As the vice president of sales for Dunder Mifflin, Inc., a company that manufactures and sells paper to commercial offices, it has come to your attention that there has been an increase in the number of customer complaints concerning your Scranton branch’s service representatives. Of particular importance is the number of complaints that involve claims in excess of thousands of dollars.
Because these large dollar amounts can lead to lawsuits being filed, you want to investigate what is causing the increase in complaints and how Dunder Mifflin can process these complaints to avoid burdensome litigation.
- What steps should you take to discover, in the most accurate and efficient manner, the reasons customers are filing complaints?
- What is the distinction between mediation and arbitration?
- Should Dunder Mifflin’s sales contracts include a clause that requires the parties to attempt resolution of the dispute by mediation? By arbitration? By some other mechanisms?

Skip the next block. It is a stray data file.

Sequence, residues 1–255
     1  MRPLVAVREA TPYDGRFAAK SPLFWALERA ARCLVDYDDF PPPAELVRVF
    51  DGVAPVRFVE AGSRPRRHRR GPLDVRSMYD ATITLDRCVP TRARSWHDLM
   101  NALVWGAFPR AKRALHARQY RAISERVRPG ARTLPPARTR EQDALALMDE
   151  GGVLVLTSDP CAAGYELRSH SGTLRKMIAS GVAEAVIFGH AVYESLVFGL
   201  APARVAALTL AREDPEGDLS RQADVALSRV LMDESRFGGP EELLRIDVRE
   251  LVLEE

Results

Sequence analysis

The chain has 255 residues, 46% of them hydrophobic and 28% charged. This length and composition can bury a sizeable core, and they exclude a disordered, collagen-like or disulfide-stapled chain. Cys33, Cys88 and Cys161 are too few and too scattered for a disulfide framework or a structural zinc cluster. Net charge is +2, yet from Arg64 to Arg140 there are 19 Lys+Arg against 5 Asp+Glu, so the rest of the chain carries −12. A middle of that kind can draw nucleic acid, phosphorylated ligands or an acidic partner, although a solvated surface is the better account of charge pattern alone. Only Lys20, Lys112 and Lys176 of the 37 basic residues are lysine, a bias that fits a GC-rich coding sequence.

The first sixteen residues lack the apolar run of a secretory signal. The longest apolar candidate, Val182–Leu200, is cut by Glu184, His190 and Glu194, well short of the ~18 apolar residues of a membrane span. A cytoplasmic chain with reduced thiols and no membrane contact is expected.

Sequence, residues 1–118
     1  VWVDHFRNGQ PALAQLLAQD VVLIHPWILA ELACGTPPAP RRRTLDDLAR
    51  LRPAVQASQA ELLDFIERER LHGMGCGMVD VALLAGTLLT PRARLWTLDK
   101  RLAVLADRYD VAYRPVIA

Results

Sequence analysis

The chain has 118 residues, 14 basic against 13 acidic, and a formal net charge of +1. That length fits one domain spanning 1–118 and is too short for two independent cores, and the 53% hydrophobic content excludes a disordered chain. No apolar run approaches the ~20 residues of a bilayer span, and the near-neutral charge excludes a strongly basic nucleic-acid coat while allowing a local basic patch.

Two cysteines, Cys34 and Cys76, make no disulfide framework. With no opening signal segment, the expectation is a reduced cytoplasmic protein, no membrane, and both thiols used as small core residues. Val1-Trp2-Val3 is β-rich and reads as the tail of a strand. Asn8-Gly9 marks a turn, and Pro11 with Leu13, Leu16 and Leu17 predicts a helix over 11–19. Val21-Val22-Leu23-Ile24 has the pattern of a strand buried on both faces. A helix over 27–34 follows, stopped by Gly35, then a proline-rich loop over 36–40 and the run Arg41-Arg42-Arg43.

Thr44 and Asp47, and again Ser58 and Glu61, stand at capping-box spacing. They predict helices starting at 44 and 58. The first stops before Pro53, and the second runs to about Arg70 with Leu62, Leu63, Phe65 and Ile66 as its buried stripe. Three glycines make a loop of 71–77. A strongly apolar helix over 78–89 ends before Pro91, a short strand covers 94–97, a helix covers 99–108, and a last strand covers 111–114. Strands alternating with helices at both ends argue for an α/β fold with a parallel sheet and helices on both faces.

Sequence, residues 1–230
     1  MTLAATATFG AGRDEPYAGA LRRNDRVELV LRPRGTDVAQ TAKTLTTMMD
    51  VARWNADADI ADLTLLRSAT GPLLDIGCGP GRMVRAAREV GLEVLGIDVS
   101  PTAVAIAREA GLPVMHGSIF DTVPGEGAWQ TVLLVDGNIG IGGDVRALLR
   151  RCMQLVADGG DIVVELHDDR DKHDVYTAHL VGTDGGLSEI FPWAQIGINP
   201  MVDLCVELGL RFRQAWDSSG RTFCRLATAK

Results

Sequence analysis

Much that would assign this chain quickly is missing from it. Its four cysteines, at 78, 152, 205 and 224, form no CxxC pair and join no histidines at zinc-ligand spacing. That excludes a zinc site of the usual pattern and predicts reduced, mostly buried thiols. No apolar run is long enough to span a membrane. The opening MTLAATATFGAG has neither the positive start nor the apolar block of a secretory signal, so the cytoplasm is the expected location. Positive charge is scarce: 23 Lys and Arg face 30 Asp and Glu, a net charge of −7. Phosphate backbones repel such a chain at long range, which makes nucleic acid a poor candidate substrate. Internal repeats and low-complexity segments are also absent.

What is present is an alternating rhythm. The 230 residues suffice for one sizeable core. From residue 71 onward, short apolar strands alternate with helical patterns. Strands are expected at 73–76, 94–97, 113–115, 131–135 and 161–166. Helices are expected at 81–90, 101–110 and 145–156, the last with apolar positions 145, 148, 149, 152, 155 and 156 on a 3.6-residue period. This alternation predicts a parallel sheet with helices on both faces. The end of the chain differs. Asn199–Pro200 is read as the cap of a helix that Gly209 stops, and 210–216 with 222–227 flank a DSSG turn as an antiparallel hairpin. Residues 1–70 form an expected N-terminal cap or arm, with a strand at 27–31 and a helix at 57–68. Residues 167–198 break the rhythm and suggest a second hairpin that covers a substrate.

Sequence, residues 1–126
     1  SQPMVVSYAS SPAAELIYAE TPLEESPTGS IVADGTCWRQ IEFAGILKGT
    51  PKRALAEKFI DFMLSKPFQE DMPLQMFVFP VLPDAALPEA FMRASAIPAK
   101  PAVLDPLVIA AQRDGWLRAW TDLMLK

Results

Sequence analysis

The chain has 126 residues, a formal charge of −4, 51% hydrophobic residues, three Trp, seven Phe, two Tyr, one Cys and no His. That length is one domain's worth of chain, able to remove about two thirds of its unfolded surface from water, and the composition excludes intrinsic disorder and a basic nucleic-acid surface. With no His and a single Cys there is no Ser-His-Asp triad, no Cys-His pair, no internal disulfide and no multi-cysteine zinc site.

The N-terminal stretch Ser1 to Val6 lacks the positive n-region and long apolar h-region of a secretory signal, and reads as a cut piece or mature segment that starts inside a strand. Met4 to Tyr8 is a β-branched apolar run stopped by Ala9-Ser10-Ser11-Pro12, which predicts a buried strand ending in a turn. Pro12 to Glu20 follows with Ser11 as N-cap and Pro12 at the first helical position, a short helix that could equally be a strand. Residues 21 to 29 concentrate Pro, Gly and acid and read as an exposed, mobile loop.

- If Dunder Mifflin’s sales contracts did include a dispute resolution (other than litigation) clause, when can the courts still be used?
Discussion Topic 2:
Suppose you offer your car for sale. Your car was submerged up to the windows in a flood three years ago, but the car currently seems to be operating fine for you.
A potential buyer asks you, “Has your car ever been in an accident?” If you say “no,” have you committed a misrepresentation? What must happen for a fraudulent representation to occur?
Suppose the person instead asks you “Has your car ever been damaged?” What other types of misrepresentation are there?
If a potential buyer does not ask you any questions regarding the condition of your car, must you voluntarily disclose that your car has been in a flood? Should you? Could a misrepresentation occur by remaining silent?
Would this person be able to rescind a contract due to a misrepresentation or mistake?